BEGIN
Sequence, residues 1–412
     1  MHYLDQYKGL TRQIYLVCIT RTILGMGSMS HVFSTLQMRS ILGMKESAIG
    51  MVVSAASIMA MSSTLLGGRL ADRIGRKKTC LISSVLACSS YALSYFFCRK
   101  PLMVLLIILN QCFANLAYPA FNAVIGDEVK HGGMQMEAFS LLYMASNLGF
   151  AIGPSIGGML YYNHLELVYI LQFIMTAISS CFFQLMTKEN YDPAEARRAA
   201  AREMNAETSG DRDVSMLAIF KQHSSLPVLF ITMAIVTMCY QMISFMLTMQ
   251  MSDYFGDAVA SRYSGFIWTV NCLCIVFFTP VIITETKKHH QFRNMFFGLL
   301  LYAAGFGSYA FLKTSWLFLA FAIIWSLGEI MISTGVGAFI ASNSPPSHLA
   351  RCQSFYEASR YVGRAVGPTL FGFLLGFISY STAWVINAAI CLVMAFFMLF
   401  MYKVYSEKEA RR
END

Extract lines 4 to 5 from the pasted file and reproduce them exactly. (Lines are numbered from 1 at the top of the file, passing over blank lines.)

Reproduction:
   101  PLMVLLIILN QCFANLAYPA FNAVIGDEVK HGGMQMEAFS LLYMASNLGF
   151  AIGPSIGGML YYNHLELVYI LQFIMTAISS CFFQLMTKEN YDPAEARRAA